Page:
Atlantic Sailfish Population Decline
and its Causes
|As shown in ICCAT's figure (above left), the western Atlantic sailfish/spearfish stock was relatively healthy during the 1960s.�� (ICCAT lumps the rare spearfish with sailfish.)� This stock's abundance was then estimated to have been well above the level that would produce the maximum sustainable yield (MSY).� During this period its abundance or biomass was generally 1.2 to1.5 times the MSY level - represented by the dashed horizontal line at 1.0.� (For comparison, the abundance or biomass of a totally unfished population will be about 2 times its MSY abundance level.)� Commercial exploitation increased seeking the more valuable swordfish and tunas but catching billfish and many other species, incidentally.� By the beginning of 1992, the western Atlantic population of sailfish had been driven to only about 60 percent of its MSY biomass level.�
As abundance declines and reaches 50 percent of its MSY level, it passes what is considered the threshold into "recruitment overfishing."� This means there are fewer and fewer adults remaining alive each year and the population is increasingly unable to sustain itself.� Eventually, a point is reached at which there are so few adults remaining alive that they just can't find each other at spawning time in such a vast ocean.� From that point on, even if all fishing were to be halted, the population can not forstall its own slide into extinction.� Unfortunately, we have no idea where that "point of no return" lies, and the only real way to find out is unacceptable.�
If the commercial fleets were targeting sailfish, as their abundance declined, so too would their catches.� Eventually, fishing on them would be abandoned as unprofitable before the population ever reached the "point of no return."� But the fleets are targeting other much more valuable species.� Their catch and kill of billfish (including blue and white marlin) will continue until the target swordfish and tunas are no longer profitable.� Swordfish and some of the targeted tunas are much more numerous and their populations are closer to their MSY biomass levels.� Yellowfin tuna could be fished quite heavily for quite some time.� But billfish stocks (particularly blue and white marlin) are already on the verge of slipping into extinction. They will not be able to withstand the continuing fishing mortality they have been experiencing by commercial fleets targeting other species.� (Be sure to see the section of this website titled Severity of Atlantic Population Declines and visit the site focused on both Atlantic marlins using the links below.)�� For sailfish, we just have no scientific information on their population status since no stock assessment has been conducted by ICCAT since 1992.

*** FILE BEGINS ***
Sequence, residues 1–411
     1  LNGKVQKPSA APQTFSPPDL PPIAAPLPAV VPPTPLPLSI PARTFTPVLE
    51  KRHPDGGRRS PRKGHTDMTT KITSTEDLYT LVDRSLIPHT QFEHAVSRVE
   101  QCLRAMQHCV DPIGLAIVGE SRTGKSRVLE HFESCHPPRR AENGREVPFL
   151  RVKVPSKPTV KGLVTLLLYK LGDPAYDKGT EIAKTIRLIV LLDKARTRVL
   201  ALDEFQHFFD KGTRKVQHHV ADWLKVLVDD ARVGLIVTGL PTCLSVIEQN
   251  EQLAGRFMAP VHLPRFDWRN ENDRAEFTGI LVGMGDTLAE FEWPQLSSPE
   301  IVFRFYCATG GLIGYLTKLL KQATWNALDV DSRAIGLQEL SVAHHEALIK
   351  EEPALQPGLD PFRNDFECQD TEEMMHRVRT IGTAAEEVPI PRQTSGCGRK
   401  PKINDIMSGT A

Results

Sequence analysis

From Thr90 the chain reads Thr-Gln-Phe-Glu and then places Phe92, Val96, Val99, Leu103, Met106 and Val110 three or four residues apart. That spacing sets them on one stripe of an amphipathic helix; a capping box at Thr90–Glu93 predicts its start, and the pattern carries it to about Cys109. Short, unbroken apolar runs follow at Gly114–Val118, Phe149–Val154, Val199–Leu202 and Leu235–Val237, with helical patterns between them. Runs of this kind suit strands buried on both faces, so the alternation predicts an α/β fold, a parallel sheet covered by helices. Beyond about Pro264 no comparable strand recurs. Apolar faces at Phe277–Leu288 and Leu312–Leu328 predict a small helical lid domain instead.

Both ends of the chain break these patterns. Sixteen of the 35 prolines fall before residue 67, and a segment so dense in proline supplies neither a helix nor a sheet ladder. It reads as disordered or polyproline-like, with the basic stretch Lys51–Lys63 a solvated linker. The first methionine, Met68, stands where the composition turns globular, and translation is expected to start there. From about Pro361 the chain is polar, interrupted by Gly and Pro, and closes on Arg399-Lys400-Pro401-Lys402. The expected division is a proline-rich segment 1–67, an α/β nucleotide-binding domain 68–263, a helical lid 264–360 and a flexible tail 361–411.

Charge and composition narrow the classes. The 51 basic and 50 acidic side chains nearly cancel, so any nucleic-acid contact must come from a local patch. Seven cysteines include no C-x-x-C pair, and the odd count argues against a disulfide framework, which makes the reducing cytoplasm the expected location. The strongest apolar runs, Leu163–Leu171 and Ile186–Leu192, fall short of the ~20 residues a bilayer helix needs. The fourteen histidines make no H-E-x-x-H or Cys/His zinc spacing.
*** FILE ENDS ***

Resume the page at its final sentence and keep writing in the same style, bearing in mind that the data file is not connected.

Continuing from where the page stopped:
As depicted in the figure above (right), fishing mortality (fishing pressure) has remained well above that which would allow for the MSY, ranging from 1.3 to 2.1 times the level that this stock could tolerate on a sustainable basis.� However, we simply have no information on the stock's abundance or fishing pressure on it since 1991.
To conserve these dwindling stocks, U.S. recreational fishermen voluntarily release over 95 percent of all billfish they catch.�� The commercial fishing sector is the problem.� Longlines are responsible for 99 percent of the kill caused by U.S. vessels with anglers responsible for the remainder.�
Maps showing the locations of where most sailfish are caught by U.S. longline vessels (i.e., their primary spawning sites and feeding areas) can be found by clicking HERE.
|Don Ray Studios|
|"Hit and Miss" by Don Ray|
Severity of Atlantic Population Declines
The Facts - Headed for Extinction
Blue and White Marlin
Maps of Key Spawning and Feeding Areas
N. Atlantic Currents
Congress' Longline Closure Bills
Will They Work?
Chambers and Associates
List of All Pages on the Website
|Chambers and Associates
9814 Kensington Parkway
Kensington, Maryland 20895-3425
(T) (301) 949-7778��� (Fax) (301) 949-3003
|Blue Marlin logo by artist Ron Pittard|
Longliners fish most heavily during the periods when the moon is brightest. So, this real-time image of the moon phase shows when the kill of swordfish is greatest and least. It also shows when the kill of blue marlin, white marlin, sailfish, sharks, tunas, sea turtles, marine mammals and a host of other marine life is also greatest - even though they are not even targeted. For more, see link above.